• Taking overpriced listings hurts you as an agent. Really. You may be excited to take a listing in an area with high visibility or desirability, but if your sign remains for months on end the only message you’re sending is this: I’m the agent who can’t move this house. Furthermore, top producers know that you get hired when you demonstrate your ability to consistently sell homes faster and for more money than the average agent in your market. That only happens when they are priced right.


Be prepared to hear and respond to the following:


  • “Well fine. We’ll just wait until Spring.” - Respond first with “okay, tell me your thoughts around that.” They are likely thinking that by waiting 3 to 6 months they’ll get the “out of market price” they want. A good response? “Well, you could roll the dice and wait until Spring. My concern is that you’ll be competing with even more inventory and rates will continue to rise, reducing your pool of available buyers. In addition, rates of appreciation have not exceeded 2.5% per year in this neighborhood since 2012. I’m afraid you may have to wait until Spring of 2020 to get your price. Can you afford to? Do you want to?”
  • “Agent B says they will list it at my price.” - Any agent can list any home at any price. Your job is to promote your local market expertise and share a truthful and accurate interpretation of the facts, not tell the prospect what they want they want to hear. Don’t be afraid to walk away and be the second or even third agent to pick up the pieces and make the sale happen when they’ve gotten serious. Many agents have built a profitable practice around the expireds they have successfully sold when previous agents have failed, and the key has always been proper pricing.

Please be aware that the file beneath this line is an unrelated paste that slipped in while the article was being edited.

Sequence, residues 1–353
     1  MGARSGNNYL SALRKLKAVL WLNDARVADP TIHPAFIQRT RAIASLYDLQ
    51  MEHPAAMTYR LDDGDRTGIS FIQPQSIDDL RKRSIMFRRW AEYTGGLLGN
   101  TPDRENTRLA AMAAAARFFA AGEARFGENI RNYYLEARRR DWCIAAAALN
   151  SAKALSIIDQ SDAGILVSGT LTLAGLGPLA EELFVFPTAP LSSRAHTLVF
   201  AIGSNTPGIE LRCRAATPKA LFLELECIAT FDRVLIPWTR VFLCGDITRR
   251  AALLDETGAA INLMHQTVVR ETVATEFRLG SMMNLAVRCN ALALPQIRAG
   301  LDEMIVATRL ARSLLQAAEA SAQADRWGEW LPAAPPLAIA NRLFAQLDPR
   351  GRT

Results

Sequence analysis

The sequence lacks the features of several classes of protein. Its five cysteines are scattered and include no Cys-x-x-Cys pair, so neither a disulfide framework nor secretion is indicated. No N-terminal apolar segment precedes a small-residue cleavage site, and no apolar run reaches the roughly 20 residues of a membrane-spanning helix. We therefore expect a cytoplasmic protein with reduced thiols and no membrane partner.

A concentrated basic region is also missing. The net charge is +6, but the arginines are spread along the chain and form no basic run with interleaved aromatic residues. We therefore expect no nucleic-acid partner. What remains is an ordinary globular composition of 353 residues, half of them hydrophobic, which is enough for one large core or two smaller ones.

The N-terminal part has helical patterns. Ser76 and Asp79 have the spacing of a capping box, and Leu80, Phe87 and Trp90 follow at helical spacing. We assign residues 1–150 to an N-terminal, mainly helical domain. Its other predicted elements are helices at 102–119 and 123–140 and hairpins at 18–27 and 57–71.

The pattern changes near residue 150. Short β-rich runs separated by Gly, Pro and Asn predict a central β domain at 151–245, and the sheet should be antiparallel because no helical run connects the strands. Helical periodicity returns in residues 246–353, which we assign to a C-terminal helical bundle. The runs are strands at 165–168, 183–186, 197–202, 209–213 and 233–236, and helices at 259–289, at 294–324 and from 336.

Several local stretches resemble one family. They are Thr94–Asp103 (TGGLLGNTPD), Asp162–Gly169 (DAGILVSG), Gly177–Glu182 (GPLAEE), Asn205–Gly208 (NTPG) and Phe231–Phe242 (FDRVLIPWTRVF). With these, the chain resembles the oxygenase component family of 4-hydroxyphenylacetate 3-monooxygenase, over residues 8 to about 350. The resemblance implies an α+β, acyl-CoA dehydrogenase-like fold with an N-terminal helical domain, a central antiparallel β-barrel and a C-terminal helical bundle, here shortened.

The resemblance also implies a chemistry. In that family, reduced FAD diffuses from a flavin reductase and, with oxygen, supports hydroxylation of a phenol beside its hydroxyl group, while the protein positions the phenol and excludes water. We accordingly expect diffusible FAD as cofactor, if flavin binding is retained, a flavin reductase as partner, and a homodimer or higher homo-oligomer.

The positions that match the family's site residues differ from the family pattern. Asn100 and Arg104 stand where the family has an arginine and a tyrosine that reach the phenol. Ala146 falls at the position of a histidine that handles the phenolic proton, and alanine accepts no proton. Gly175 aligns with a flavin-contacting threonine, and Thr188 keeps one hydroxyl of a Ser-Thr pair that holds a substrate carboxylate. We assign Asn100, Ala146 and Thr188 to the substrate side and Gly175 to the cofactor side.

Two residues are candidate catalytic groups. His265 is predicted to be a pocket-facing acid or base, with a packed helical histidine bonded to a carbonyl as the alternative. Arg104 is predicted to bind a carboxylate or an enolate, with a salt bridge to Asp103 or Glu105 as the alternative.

I want you to be prepared for one more thing, and it’s something you might hear after you’ve done everything RIGHT:


  • “I think we must have underpriced it!” -  The best response is this: “We positioned ourselves to attract early interest and offers, and we have succeeded. You are among the 22% (use the number that applies in your market, of course) that went other contract, while 78% will continue to sit. I think this is something to celebrate, don’t you?”

There’s little downside to committing to proper pricing in 2017, and I hope you’ll be the agent who does so. Study your MLS with frequency. Know your days on market, months of inventory, and where rates falls each week. Calculate the sales price to original list price so you can establish expectations for both buyers and sellers. Continue to visit new listings each week and publish your insights at Relola. By doing so, you’ll increase your competency and confidence, speak with authority, and grow in both knowledge and productivity.


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Beth Incorvati is our Chief Blogger and Podcast Host at Radio Relola. She has been training, motivating, and inspiring real estate professionals for over fifteen years.